A very interesting development in the ongoing argument concerning Archbishop Eijk’s decision to fire a volunteer, Ms. Nelly Stienstra, from parish duties, after she had publically made him out to be a liar. As we know she then went public with her allegations, some true, others not, and her lawyer, Ms. Erica Schruer, followed suit by publishing a private letter to the archbishop on her blog. It now becomes clear that the archbishop forwarded the issue to Rome, where Archbishop Mauro Piacenza, secretary of the Congregation for the Clergy, concerned himself with clarifying matters. He sent a letter to Archbishop Eijk, dated 18 January, and that letter has now been released to the public. Here is the Dutch version, and the English translation is at the bottom of this post.
There is a press release from the archdiocese here, from which I highlight the second paragraph:
“Earlier this month, Archbishop Eijk had made an appointment to meet with Ms. Stienstra and her advisor, Ms. Schruer, to give her the opportunity to explain her vision and actions. But this meeting was cancelled by both ladies a few days in advance, because of “the archbishop’s comments in the media about Ms. Stienstra.” Ms. Stienstra requested mediation from Msgr. van Luyn or Msgr. de Korte. When asked about it, both said not to be willing. If mediation would prove to be not possible, Ms. Stienstra wanted to go to the diocesan office of litigation. The archdiocese points out that Stienstra’s advisor, Ms. Schruer, has depicted Archbishop Eijk in the past weeks as someone who lies and who follows a “culture of account settlement”. She has also suggested that Msgr. Eijk was unable to find co-consecrators for the consecration of this Saturday, a fact [sic] that he could use “when tendering his resignation on health grounds, because his work would have been made impossible, losing the logic of cause and effect out of sight – but that is a chronic problem with this patient.”
All the same, Msgr. Eijk was willing to have an open conversation, but that is now no longer an option. Putting the question to the diocesan litigation office is, following the letter from Msgr. Piacenza, now also pointless: Rome has already decided that Msgr. Eijk acted within his rights. The litigation office can’t judge that.”
The difference in attitude between the archbishop on the one hand and Ms. Stienstra and her advisor on the other is striking. Whereas the archbishop only went public to correct the allegations made against him or to communicate something factual, his opponents published every allegation, private communication and even dragged in other events (such as the consecration of the two auxiliary bishops, other issues in the archdiocese and Church province and even abroad) to take potshots at the archbishop.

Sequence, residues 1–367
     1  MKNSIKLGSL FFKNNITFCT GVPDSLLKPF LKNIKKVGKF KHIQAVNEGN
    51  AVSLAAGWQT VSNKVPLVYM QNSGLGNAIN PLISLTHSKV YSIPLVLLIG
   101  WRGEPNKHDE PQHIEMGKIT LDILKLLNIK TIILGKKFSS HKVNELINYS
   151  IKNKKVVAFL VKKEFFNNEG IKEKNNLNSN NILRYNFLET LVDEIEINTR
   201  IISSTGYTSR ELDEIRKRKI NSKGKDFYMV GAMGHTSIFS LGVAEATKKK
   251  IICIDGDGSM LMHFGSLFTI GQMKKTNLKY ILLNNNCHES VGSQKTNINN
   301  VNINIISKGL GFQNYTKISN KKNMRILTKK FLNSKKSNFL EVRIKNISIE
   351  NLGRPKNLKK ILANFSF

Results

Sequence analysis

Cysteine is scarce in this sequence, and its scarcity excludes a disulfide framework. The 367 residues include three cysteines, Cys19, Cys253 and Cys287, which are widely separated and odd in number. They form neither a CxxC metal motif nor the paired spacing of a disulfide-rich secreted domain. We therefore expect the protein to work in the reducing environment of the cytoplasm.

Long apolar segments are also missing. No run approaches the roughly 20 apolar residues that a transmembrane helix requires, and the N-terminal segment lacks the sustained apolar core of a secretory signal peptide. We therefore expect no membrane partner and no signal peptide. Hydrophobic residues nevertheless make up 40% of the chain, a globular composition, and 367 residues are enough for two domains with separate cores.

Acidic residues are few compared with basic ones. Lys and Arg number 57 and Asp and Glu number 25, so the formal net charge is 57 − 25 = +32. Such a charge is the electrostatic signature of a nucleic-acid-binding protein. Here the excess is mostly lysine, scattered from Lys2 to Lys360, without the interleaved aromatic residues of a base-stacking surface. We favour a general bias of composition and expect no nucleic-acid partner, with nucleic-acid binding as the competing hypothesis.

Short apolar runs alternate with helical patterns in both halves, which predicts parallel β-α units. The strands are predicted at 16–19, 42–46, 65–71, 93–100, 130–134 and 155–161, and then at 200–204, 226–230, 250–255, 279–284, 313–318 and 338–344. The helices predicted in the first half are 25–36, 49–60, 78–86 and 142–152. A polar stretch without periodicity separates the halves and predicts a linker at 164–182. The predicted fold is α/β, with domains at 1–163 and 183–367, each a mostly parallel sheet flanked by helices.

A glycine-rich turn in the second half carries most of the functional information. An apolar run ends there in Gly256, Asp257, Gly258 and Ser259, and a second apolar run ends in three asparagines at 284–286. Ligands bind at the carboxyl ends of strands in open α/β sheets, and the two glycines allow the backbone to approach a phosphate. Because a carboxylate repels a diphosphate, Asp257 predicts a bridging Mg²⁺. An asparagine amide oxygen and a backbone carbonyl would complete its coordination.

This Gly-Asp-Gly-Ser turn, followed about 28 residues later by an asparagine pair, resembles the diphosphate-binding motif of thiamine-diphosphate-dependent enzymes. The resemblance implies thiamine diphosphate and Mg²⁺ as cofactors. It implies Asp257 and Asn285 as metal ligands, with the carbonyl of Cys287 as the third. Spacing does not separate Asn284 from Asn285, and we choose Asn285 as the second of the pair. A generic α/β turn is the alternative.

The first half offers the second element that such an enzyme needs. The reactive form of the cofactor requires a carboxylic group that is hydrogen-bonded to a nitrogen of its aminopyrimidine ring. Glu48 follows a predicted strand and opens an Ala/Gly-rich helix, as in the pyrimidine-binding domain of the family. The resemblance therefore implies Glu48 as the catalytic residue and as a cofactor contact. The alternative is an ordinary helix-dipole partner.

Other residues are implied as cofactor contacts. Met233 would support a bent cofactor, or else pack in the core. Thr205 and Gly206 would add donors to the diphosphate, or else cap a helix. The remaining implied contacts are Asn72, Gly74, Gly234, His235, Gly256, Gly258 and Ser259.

I wonder what they’ll try next. To me it seems the matter is settled. It’s not a nice situation, but the archbishop was within his rights.
Congregation for the Clergy
From the Vatican, 18 January 2010
Most Reverend Excellency,
Concerning the question if your Excellency can prevent a lay person from performing the duties of lector during the Eucharist in the cathedral, the following:
According to can. 230, $2 of the Code of Canon Law, “Lay persons can fulfill the function of lector in liturgical actions by temporary designation…” the judgement of suitability for this appointment lies in the first place with the diocesan bishop and only subordinately to the priest who performs pastoral care for the community he is responsible for “under the authority of the diocesan bishop.” (can. 519).
Since, as can. 838, $1, says: “The direction of the sacred liturgy depends solely on the authority of the Church which resides in the Apostolic See and, according to the norm of law, the diocesan bishop.” The regulation of the holy liturgy is solely submitted to the authority of the Church. In a specific Church it is the diocesan bishop who, iure nativo, is repsonsible for the liturgy, he regulates is and at the ministry of the sacrament (cf. cann. 838 $1 and 4, 841).
Within the bounds of his own authority and in agreement with the regulations published by the Holy See, the bishop is allowed to establish norms for the liturgy, taking into account special circumstances and local needs. Clergy and faithful are bound to these norms, including any exempt institutes: “Within the limits of his competence, it pertains to the diocesan bishop in the Church entrusted to him to issue liturgical norms which bind everyone.” (Can 838, $4)
Since the faithful, “even in their own manner of acting, are always obliged to maintain communion with the Church” (209, $1) and “are bound to follow with Christian obedience those things which the sacred pastors, inasmuch as they represent Christ, declare as teachers of the faith or establish as rulers of the Church” (212, $1), is, seen in this perspective, he who incites a hostile attitude, in word and deed, to the bishop, clearly not suited for the role of lector in liturgical acts. The bishop can very well take comparable steps, since he “is bound to promote the common discipline of the whole Church and therefore to urge the observance of all ecclesiastical laws”(can. 392, $1) and “he is to exercise vigilance so that abuses do not creep into ecclesiastical discipline, especially regarding the ministry of the word, the celebration of the sacraments and sacramentals, the worship of God and the veneration of the saints…” (can. 392, $2).
Wishing your loyal pastoral care much fruitfulness,
In greatest regard,
Yours in the Lord,
Tit. Archbishop of Vittoriana